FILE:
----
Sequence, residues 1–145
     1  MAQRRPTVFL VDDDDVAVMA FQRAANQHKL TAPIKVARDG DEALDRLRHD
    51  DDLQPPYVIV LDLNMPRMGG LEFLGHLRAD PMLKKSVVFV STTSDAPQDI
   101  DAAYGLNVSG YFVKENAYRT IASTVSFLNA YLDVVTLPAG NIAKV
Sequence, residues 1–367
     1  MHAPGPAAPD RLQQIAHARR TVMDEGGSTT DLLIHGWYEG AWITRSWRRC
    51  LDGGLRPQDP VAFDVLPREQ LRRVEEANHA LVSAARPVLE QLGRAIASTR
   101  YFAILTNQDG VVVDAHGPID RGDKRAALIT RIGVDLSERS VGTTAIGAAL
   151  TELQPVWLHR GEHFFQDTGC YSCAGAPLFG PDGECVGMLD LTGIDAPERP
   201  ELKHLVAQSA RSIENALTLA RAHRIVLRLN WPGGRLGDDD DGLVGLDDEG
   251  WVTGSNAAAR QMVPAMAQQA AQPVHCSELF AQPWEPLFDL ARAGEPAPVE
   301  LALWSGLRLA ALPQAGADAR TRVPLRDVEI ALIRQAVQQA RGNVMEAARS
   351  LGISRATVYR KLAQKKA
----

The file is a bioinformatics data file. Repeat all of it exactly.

Sequence, residues 1–145
     1  MAQRRPTVFL VDDDDVAVMA FQRAANQHKL TAPIKVARDG DEALDRLRHD
    51  DDLQPPYVIV LDLNMPRMGG LEFLGHLRAD PMLKKSVVFV STTSDAPQDI
   101  DAAYGLNVSG YFVKENAYRT IASTVSFLNA YLDVVTLPAG NIAKV
Sequence, residues 1–367
     1  MHAPGPAAPD RLQQIAHARR TVMDEGGSTT DLLIHGWYEG AWITRSWRRC
    51  LDGGLRPQDP VAFDVLPREQ LRRVEEANHA LVSAARPVLE QLGRAIASTR
   101  YFAILTNQDG VVVDAHGPID RGDKRAALIT RIGVDLSERS VGTTAIGAAL
   151  TELQPVWLHR GEHFFQDTGC YSCAGAPLFG PDGECVGMLD LTGIDAPERP
   201  ELKHLVAQSA RSIENALTLA RAHRIVLRLN WPGGRLGDDD DGLVGLDDEG
   251  WVTGSNAAAR QMVPAMAQQA AQPVHCSELF AQPWEPLFDL ARAGEPAPVE
   301  LALWSGLRLA ALPQAGADAR TRVPLRDVEI ALIRQAVQQA RGNVMEAARS
   351  LGISRATVYR KLAQKKA